The personal slight is beside the point; the issue is that our elites are being allowed to construct an alternative reality that absolves them of responsibility for the ruined lives all around us. The reality is that people in positions of authority chose to ignore the evidence of a rapidly growing bubble and those trying to call attention to the dangers it posed. Instead we have Scheiber giving us the “who could have known story?” His case is that the dynamics of the bubble were just too complicated for people to grasp given the tools available at the time. The people who clearly warned of the bubble, using data, simply did not exist in Scheiber’s universe.
If it were just Scheiber saying this on a rant somewhere, he could be easily dismissed as a crank. While he is a prominent writer on policy and politics, prominent writers say ridiculous things all the times.
But this was not just a random rant. It was a book review in the New York Times, by far the nation’s most prestigious newspaper. It is a paper that employs fact checkers and prides itself on accuracy. Would the NYT allow a book reviewer to bemoan the fact that no one had questioned the existence of weapons of mass destruction in Iraq prior to the war?
And the bubble warners were not entirely below the NYT’s radar screen. In fact, several NYT reporters had picked up on warnings of the housing bubble (here and here). In fact, Paul Krugman, perhaps the most famous economist in the world, used his NYT column in 2002 to warn of the dangers posed by the housing bubble.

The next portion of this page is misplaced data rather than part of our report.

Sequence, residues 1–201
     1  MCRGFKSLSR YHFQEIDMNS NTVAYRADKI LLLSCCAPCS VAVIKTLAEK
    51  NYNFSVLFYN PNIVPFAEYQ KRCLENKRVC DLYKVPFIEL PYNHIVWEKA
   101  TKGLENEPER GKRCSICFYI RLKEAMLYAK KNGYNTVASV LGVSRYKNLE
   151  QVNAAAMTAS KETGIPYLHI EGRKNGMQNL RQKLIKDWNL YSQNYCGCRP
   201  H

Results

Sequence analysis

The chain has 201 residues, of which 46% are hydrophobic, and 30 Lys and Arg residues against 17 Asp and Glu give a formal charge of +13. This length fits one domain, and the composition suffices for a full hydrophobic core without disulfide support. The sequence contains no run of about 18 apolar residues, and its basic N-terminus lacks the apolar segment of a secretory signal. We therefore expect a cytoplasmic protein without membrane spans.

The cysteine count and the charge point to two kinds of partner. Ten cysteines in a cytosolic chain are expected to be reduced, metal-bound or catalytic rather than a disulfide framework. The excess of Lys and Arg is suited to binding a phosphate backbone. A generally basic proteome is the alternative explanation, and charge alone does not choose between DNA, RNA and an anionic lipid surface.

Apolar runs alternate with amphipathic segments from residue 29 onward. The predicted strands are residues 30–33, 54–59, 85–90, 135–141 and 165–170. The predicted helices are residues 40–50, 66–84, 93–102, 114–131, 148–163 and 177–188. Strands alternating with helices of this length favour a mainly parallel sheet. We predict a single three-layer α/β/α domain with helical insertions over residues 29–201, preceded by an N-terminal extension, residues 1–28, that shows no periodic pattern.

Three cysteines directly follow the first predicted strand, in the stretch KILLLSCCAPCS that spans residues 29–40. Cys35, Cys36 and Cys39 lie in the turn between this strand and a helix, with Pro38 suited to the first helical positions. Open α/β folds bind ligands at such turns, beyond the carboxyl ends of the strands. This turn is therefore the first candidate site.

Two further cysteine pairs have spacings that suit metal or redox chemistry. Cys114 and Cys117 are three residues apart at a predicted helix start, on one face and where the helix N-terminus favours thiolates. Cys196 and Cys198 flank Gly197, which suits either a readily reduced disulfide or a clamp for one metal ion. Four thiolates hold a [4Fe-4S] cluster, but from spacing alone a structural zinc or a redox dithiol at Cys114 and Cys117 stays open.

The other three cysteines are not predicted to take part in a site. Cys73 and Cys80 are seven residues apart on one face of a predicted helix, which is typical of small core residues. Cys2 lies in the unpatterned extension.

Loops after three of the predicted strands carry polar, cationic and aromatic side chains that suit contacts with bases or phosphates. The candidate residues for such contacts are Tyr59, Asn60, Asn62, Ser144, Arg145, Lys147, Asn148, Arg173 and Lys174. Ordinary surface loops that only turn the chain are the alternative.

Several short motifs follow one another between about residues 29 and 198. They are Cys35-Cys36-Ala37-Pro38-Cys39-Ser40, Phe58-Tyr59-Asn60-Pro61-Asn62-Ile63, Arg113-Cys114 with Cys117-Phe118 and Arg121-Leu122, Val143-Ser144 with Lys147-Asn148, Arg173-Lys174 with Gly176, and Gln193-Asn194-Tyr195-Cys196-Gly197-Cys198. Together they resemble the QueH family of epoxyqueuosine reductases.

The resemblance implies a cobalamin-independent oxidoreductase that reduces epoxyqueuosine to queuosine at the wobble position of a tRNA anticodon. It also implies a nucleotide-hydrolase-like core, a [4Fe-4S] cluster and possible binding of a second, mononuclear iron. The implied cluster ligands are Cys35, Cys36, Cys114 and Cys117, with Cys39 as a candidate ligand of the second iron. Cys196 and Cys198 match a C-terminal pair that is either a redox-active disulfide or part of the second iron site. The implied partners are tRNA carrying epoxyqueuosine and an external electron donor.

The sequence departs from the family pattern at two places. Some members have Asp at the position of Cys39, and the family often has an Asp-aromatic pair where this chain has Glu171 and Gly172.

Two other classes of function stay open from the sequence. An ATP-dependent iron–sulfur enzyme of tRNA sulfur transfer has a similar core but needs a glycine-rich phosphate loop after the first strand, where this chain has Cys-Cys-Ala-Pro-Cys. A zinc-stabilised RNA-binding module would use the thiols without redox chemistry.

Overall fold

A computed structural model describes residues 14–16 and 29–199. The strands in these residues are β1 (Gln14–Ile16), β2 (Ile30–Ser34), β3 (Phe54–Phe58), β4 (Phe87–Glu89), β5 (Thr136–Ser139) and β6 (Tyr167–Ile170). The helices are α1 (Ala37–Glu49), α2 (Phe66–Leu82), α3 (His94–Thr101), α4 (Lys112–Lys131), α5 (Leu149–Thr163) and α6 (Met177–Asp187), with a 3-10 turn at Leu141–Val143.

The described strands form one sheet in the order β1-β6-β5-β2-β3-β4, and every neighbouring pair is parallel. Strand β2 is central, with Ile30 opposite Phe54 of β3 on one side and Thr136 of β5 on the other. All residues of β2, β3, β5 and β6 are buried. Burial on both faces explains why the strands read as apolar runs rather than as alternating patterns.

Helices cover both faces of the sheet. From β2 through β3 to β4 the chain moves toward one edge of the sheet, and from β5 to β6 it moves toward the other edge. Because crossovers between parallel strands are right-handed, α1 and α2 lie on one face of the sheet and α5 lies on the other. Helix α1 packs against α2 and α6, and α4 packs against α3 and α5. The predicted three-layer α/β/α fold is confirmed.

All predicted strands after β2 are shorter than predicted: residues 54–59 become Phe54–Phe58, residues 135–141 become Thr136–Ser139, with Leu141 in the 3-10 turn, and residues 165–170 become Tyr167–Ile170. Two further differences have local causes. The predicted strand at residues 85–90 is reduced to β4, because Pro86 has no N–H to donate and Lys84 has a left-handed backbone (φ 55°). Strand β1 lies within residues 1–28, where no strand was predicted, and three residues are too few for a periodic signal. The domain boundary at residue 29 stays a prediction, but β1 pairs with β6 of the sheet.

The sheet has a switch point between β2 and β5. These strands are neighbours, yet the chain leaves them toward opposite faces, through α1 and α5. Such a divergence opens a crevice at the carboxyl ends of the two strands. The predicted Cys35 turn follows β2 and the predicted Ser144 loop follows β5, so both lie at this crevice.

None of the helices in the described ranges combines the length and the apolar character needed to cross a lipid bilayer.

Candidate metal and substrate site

Given this history, how can an ill-informed book reviewer get away with making what is obviously an untrue assertion in an NYT book review? The simple answer is that Scheiber’s “who could have known” story is quite comforting to people with power in this country. The people in positions of authority who ignored the warnings of the dangers of the housing bubble would like the public to believe that there were no such warnings. It is much easier for them to act as though the state of economic knowledge was too primitive to allow them to see a bubble than to acknowledge that they simply did not feel like paying attention to the warnings.
It is important to their legitimacy to maintain this fiction, since with virtually no exceptions the people guiding economic policy today are the same people who ignored the growth of the bubble in the last decade. If everyone recognized the enormity of their failure they would be less likely to heed their calls for austerity: for example the cuts in Social Security and Medicare that virtually everyone in the higher circles of the policy establishment agrees are necessary.
That is why it is necessary to keep reminding the public that the policy elite blew it. The tools of economics were entirely adequate to see the housing bubble and the dangers that it posed to the economy. The problem is that the people who controlled economic policy at the time found it convenient to ignore the evidence. They still do.